BCR isotope switches from immunoglobulin M (IgM) in immature B cells to immunoglobulin D (IgD) in mature B cells


What are the CD markers on B cells?



What do plasma cell antibody factor contain?

Eccentric nucleus
Clock face chromatin
Perinuclear clearing


What do memory B cell do?

Allow for quick immune response on re-exposure
Can present antigen


Which surface marker do memory B cells contain

Forms Ca2+ channel
Marker for late stage of a B cell development


What do the lymphoid tissue consist of?

1) capsule (some but some don't have)
2) cells
A) lymphocytes (B or T)
B) other cells of the immune system: Macrophage and Dendritic cells
3) supporting tissue
A) reticular fibres (type III collagen) mainly produced by reticular cells (fibroblast)
B) thymus is an exception supported by a network of unusual epithelial cells


What is an example of primary lymphoid tissue?

Bone marrow


What is bone marrow used for?

Site of lymphocytes progenitor cell
Differentiate into:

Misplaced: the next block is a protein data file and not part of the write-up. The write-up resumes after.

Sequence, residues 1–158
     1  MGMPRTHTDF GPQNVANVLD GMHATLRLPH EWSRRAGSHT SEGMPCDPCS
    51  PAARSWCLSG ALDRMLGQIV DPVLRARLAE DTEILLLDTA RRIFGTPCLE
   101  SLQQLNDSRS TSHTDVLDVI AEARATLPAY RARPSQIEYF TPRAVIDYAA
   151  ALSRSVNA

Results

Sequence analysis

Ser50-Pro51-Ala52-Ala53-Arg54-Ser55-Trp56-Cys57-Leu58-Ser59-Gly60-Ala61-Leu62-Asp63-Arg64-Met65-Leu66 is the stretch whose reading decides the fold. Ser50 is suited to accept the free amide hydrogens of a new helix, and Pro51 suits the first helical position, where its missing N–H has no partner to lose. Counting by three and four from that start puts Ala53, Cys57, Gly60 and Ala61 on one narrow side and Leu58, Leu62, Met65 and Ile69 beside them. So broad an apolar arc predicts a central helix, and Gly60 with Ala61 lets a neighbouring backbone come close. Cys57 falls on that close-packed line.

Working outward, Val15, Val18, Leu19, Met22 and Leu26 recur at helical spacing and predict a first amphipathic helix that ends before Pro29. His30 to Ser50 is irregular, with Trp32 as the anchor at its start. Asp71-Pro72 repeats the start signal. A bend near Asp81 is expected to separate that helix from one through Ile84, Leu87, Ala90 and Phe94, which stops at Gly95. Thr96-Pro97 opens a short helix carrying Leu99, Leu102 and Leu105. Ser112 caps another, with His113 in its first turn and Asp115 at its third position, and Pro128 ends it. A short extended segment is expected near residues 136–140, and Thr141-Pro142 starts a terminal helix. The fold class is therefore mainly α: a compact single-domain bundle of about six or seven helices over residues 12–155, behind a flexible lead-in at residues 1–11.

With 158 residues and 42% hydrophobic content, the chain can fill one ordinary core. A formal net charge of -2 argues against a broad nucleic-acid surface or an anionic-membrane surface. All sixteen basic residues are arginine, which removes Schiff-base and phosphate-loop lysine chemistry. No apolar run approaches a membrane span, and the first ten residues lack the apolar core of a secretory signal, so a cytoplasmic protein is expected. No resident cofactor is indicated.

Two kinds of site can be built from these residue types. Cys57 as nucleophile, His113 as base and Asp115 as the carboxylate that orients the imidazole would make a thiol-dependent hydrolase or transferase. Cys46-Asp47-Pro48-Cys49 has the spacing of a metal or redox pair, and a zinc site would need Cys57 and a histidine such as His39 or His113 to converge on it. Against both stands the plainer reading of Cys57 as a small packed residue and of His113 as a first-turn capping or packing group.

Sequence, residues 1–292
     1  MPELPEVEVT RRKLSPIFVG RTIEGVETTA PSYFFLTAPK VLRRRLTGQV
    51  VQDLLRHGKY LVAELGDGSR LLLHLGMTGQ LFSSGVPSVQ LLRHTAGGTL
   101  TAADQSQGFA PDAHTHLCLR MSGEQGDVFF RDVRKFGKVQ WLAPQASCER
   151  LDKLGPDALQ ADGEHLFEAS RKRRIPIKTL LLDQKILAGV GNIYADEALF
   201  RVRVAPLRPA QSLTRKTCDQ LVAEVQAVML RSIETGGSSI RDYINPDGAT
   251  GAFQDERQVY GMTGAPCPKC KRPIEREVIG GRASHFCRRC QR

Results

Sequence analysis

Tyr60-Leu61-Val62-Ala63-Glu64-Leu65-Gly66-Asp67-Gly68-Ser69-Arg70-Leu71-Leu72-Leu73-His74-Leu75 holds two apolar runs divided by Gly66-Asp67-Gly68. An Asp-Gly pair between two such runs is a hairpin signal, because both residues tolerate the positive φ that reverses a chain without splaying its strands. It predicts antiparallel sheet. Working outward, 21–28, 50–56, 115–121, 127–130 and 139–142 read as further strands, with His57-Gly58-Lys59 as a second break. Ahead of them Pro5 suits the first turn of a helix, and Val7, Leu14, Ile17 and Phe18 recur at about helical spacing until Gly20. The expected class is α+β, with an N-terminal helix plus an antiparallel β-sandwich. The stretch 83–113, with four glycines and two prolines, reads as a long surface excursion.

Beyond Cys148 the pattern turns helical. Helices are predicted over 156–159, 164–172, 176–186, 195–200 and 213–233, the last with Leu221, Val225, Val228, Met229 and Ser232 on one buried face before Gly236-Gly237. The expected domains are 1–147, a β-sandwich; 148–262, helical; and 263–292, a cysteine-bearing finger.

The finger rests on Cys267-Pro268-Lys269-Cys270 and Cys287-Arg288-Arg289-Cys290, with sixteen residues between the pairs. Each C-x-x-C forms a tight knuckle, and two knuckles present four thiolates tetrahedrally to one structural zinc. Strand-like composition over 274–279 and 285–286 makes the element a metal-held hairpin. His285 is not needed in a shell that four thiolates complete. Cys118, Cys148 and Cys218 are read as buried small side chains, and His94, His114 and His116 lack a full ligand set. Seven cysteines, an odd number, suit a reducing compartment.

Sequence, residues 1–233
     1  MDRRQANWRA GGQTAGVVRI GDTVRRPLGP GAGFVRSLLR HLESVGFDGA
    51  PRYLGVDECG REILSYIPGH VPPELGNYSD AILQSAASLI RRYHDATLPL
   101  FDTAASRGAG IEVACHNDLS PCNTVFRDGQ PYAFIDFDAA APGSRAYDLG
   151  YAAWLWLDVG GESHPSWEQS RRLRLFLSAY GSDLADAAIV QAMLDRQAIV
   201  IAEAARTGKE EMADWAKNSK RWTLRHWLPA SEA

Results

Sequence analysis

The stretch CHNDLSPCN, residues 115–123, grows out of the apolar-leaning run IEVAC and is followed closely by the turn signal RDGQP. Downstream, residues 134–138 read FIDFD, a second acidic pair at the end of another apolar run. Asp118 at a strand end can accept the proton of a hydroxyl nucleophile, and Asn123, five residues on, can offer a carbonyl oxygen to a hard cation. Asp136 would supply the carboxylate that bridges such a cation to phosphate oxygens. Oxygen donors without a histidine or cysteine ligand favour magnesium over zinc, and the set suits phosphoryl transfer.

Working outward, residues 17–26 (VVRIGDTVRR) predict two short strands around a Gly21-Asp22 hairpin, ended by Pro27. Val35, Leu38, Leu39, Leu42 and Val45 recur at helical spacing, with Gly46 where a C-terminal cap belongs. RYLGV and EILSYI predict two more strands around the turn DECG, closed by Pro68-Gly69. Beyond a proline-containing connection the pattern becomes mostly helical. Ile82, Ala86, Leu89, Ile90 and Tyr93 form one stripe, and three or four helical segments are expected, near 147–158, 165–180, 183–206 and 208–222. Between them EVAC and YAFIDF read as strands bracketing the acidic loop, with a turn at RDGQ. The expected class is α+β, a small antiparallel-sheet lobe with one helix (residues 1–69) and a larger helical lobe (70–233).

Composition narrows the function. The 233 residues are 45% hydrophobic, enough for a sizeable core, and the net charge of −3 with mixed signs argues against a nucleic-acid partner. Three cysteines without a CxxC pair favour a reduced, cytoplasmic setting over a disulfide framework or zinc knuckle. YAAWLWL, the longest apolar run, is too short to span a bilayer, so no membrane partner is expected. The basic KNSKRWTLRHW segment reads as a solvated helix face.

1) B cell
2) T cell (needs thymus for education and maturation)
3) Natural Killer lymphocytes


What are natural killer cells?

Develop from same precursor cell as B and T cells
Ability to kill certain types of target cell


How do NK cells kill target cells

After recognition, they release perforins and granzymes, substances that create channels in the cell's plasma membrane, which induces them to undergo apoptosis


What do macrophages do?

1) Endocytose and partially degrade both protein and polysaccharide antigens before they present them in conjunction with MHC2 molecules to helper CD4+ T lymphocytes
2) They digest pathogenic microoranisms through lysosomal action on combination with the helper CD4+ T lymphocytes
3) They secret multiple cytokines including lymphokines, complement components, and interleukins as well as acid hydrolyses, proteases and lipases


What are lymphatic vessels?

Route by which cells and large molecules pass from the tissue spaces back to the blood


What happens when lymph circulates the lymphatic vessels?

It passes through lymph nodes. Within the lymph noes, antigen conveyed in the lymph are trapped by the follicular dendritic cells. The antigen exposed on the surface of follicular dendritic cells can be processed by APC present in lymph node